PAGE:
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    ABSTRACT: The role of wheat, and particularly of gluten protein, in our diet has recently been scrutinized. This article provides a summary of the main pathologies related to wheat in the human body, including celiac disease, wheat allergy, nonceliac wheat sensitivity, fructose malabsorption, and irritable bowel syndrome. Differences in reactivity are discussed for ancient, heritage, and modern wheats. Due to large variability among species and genotypes, it might be feasible to select wheat varieties with lower amounts and fewer types of reactive prolamins and fructans. Einkorn is promising for producing fewer immunotoxic effects in a number of celiac research studies. Additionally, the impact of wheat processing methods on wheat sensitivity is reviewed. Research indicates that germination and fermentation technologies can effectively alter certain immunoreactive components. For individuals with wheat sensitivity, less-reactive wheat products can slow down disease development and improve quality of life. While research has not proven causation in the increase in wheat sensitivity over the last decades, modern wheat processing may have increased exposure to immunoreactive compounds. More research is necessary to understand the influence of modern wheat cultivars on epidemiological change.
    Comprehensive Reviews in Food Science and Food Safety 02/2015; 14(3). DOI:10.1111/1541-4337.12129 · 4.18 Impact Factor
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    • "Individuals with pathological responses to wheat are advised to follow the only known treatment at this time, a gluten-free diet (GFD). [18] A GFD has the potential to reverse some of the damages to the gut and other regions of the body. [19] Surprisingly, the growth of the market for gluten free products far exceeds that predicted by the 1-2% prevalence for CeD [20] Some of these purchases may reflect people following a new " fad diet " [21] but there may be additional reasons for the increased sales of gluten-free products. "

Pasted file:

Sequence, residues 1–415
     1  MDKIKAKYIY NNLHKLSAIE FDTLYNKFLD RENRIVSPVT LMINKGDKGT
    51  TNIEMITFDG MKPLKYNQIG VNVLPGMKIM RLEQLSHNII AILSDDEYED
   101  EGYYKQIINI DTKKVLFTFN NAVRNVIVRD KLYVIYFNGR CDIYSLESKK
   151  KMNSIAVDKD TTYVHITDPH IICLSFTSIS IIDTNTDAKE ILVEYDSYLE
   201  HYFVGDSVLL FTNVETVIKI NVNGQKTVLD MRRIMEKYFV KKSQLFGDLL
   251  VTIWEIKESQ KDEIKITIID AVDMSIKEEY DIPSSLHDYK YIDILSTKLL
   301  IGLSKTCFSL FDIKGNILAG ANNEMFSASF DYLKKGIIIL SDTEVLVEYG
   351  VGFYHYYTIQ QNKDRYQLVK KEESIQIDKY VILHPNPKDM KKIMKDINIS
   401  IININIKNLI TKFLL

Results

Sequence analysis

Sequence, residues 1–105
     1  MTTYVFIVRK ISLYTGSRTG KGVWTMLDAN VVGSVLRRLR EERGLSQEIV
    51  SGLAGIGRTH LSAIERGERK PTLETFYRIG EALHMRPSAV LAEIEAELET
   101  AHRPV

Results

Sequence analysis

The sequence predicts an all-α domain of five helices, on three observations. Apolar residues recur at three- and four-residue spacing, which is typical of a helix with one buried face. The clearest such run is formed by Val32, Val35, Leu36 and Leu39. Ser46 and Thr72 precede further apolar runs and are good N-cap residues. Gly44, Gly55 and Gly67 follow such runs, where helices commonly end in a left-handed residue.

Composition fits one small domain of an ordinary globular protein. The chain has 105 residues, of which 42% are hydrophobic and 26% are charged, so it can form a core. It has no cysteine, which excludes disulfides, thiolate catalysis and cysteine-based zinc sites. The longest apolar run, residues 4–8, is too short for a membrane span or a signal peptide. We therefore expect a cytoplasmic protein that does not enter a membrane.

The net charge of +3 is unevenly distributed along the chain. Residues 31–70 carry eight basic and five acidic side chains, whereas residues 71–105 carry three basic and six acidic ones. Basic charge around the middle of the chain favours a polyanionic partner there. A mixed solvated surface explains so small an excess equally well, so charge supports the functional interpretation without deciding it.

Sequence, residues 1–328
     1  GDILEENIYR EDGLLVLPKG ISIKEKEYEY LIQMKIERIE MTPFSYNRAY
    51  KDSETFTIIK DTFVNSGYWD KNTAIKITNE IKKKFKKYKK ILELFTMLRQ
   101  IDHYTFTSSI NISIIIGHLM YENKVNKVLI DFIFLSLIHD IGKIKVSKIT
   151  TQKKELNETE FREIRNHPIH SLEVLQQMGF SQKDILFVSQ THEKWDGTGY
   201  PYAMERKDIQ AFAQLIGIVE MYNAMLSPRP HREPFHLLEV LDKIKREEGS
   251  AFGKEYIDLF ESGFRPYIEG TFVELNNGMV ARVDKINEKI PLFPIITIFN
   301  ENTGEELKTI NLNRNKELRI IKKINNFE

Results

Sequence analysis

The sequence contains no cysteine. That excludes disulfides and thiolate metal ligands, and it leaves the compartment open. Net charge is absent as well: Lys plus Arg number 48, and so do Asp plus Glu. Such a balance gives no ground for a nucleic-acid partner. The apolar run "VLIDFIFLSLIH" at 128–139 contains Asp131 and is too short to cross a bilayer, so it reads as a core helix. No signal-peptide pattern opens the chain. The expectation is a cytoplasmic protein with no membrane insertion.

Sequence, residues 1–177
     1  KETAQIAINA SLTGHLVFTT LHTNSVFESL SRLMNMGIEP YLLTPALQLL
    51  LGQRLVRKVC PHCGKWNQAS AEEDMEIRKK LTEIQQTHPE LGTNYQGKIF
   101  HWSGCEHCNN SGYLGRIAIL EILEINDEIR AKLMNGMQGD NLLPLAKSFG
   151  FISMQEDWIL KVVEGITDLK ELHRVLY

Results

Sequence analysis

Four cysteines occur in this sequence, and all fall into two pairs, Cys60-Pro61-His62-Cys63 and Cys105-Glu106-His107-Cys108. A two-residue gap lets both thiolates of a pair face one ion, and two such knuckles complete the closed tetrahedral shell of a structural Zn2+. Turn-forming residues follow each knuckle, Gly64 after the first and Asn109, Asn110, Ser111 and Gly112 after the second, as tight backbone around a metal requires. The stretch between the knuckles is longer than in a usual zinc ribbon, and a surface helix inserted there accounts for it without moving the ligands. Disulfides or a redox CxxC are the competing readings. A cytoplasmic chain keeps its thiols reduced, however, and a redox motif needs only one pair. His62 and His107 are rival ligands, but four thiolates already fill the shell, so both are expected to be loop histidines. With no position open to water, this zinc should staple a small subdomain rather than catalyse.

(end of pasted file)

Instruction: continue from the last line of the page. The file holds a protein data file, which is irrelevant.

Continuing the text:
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    ABSTRACT: Wheat consumption is increasing worldwide and also increasing is the frequency of celiac disease (CeD), a pathological response to wheat protein (gluten) in genetically susceptible individuals. Non-celiac gluten sensitivity (NCGS) is another, less studied wheat-induced pathology. The treatment for both is a gluten-free diet (GFD). More individuals choose the diet than predicted by the epidemiological 1-2% prevalence. A preliminary survey by questionnaire asked members and attendees of the local gluten information group (GIG) meetings and functions about their diagnostic experiences and symptom levels in order understand the increased demand for gluten-free foods. Same-aged and-sex friends participated as a comparative " control ". Mixed methods were used including content analyses of prose narratives and independent and paired t tests of symptom levels measured with Likert scales. This convenience sample, surveyed in 2011-2012, is mostly female (54 F, 5 M) with an average age of 54.6 ± 2.0 years. Most participants consulted medical professionals with mean time to diagnosis of 7 years determined mostly from " classic " presenting symptoms. Negative biopsies or blood tests and atypical symptoms that overlap other conditions delayed diagnosis. There were 43 and 16 participants with CeD and NCGS, respectively differing little in symptom levels. Self-diagnosis and use of naturopaths account for some of the " excess " individuals. General practitioners should be encouraged to get additional nutrition training and to discuss with patients dietary choices that support wellness and minimize the risk for pathological immune responses. Patients with CeD particularly need support and follow-up in the transition to a GFD.